Five Questions on the Fed’s Powers With Central Banking Scholar Lev Menand

Increasing reliance on the Federal Reserve to prevent financial panics and manage economic cycles shows the need to lighten the load on the central bank by strengthening banking regulation and developing new fiscal policy tools, the former U.S. Treasury official says. 

Professor Lev Menand

From pandemic emergency-lending programs to recent interest rate hikes aimed at taming inflation, the Federal Reserve’s role in the U.S. economy has seldom been more evident. In his new book, The Fed Unbound: Central Banking in a Time of Crisis, Columbia Law School Associate Professor Lev Menand argues that we are relying too heavily on the U.S. central bank. Change is needed, he says, before another meltdown risks a repeat of the Great Recession or worse.

What is the Fed’s proper role? 

The Fed’s job is to maintain continuity of service in money and payments and manage the overall supply of money available to households and businesses. In a commercial economy like ours, the money supply is a piece of critical infrastructure. It’s like the electricity grid. If you turn it off for even a couple of days, you undercut the ability of businesses to operate. In September of 2008, the grid was severely compromised for less than a month, and millions of people ultimately lost their jobs. The Fed worked hard in 2020—expanding its balance sheet by trillions of dollars in a short period of time—to prevent that from happening again. But it’s not supposed to take so much work to keep the lights on. 

Right now the Fed is raising interest rates to try to curtail inflation, which is currently close to a 40-year-high at over 7%. The stock and housing markets don’t like it—but isn’t controlling inflation the job of the central bank? 

Yes—to a point. The Fed’s job is to stimulate the expansion of the money supply so that its growth is consistent with the economy achieving full capacity utilization—maximum employment, price stability, and moderate long term interest rates—over the long run. Excessive monetary expansion is destabilizing and will undermine this goal. But not all inflationary episodes are a product of excessive monetary expansion; nor is an acute monetary contraction a good way to achieve full capacity utilization in the long run. Nonetheless, following the oil price shock of the late 1970s, it was the Fed that ended a decade of price instability by raising the federal funds rate to a high of 20% in 1981.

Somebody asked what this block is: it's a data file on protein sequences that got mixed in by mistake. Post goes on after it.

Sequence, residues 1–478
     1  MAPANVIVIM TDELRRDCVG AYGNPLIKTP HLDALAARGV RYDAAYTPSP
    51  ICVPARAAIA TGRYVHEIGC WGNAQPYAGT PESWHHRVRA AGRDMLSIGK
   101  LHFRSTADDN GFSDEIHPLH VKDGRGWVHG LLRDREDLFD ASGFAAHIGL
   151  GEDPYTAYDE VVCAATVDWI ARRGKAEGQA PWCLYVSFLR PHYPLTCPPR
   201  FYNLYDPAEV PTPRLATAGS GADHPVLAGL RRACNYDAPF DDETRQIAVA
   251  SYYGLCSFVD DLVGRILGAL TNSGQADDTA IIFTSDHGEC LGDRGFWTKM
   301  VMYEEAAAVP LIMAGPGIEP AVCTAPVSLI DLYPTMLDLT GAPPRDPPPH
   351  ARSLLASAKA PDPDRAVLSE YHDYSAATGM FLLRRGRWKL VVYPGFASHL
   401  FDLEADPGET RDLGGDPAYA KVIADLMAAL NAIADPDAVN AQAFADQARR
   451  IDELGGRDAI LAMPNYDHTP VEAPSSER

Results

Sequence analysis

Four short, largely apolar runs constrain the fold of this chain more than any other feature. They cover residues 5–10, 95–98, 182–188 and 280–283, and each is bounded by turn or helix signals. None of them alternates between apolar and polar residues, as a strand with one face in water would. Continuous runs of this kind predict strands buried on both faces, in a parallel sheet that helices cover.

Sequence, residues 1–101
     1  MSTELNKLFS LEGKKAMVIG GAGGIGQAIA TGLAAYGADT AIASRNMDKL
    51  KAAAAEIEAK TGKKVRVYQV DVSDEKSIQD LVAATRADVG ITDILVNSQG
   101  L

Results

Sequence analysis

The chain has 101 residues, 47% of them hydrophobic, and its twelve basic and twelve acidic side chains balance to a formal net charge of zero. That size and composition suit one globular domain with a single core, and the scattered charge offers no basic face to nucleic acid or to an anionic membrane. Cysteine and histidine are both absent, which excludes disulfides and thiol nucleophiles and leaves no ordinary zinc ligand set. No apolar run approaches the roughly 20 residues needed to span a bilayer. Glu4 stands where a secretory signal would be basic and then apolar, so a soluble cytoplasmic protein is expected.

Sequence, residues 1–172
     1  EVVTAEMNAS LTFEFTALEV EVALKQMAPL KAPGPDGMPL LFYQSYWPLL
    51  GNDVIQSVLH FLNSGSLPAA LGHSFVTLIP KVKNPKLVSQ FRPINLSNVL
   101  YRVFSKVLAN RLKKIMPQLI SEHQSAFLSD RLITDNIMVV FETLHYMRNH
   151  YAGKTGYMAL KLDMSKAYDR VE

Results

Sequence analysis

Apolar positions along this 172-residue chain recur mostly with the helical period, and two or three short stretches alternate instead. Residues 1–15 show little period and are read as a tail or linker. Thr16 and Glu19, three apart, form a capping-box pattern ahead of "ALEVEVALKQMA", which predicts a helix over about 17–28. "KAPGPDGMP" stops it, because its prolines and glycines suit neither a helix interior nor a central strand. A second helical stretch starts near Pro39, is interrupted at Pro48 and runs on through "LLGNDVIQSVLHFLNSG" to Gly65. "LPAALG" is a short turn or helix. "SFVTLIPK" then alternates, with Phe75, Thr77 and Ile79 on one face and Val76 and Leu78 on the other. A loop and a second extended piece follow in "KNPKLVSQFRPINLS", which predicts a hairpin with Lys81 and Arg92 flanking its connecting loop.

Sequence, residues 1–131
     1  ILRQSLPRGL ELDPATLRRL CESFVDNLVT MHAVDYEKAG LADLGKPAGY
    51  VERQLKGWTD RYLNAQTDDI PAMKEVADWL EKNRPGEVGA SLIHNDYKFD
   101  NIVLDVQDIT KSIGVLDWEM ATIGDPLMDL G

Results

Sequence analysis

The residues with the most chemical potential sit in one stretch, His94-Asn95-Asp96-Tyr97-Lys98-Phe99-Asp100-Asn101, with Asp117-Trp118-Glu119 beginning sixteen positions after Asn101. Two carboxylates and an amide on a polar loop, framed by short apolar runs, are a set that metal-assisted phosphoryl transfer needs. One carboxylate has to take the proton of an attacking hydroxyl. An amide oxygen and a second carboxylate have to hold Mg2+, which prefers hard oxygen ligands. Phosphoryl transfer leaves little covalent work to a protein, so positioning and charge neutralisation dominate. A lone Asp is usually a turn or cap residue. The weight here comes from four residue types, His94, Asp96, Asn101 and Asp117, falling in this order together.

In the wake of that episode, policymakers abandoned fiscal policy tools like credit controls or wage controls and shifted the focus to the Fed to achieve a 2% annual inflation rate even when problems in the economy have nothing to do with money supply and credit expansion.

This is a suboptimal approach to macroeconomic management. You can think of it this way: The Fed only has a hammer while generally only part of the problem of booms and busts are nails. We should develop fiscal policy tools—ways to adjust taxes and spending—as well as credit policy tools—ways to adjust borrowing—in addition to relying on monetary policy.  

How did the pandemic-induced economic shutdown affect the role of the Federal Reserve? Did the Fed do the wrong thing? 

The Fed has been engaged in near-constant crisis management since the 2008 financial crisis, when Fed officials lent $30 billion to stave off the bankruptcy of the broker-dealer Bear Stearns and over $100 billion to rescue the insurance conglomerate AIG. 

When the pandemic occurred in 2020, the Fed acted again as a backstop when it intervened with $3 trillion of support for financial firms. The Fed then went further by putting a floor under asset prices, buying financial assets—including corporate bonds for the first time—and opening lending programs for ordinary businesses and municipalities. It even lent to the Metropolitan Transit Authority, which runs the New York subways. 

Combined with its quantitative easing program, which increased the money supply, the Fed’s response during the pandemic drove stocks, bonds, and real estate prices to all-time highs, even though economic activity was well below pre-pandemic trends. 

My concern with the Fed’s response is two-fold. First, financial firms shouldn’t require such an open-ended government backstop: We need to strengthen the system so that it is more stable. Second, the Fed is doing the job of multiple institutions at once. It runs the risk of overload trying to compensate for major deficiencies in the rest of our legal and policy-making framework. In both conventional monetary policy and unconventional lending, we’re now relying on the Fed to do way too much.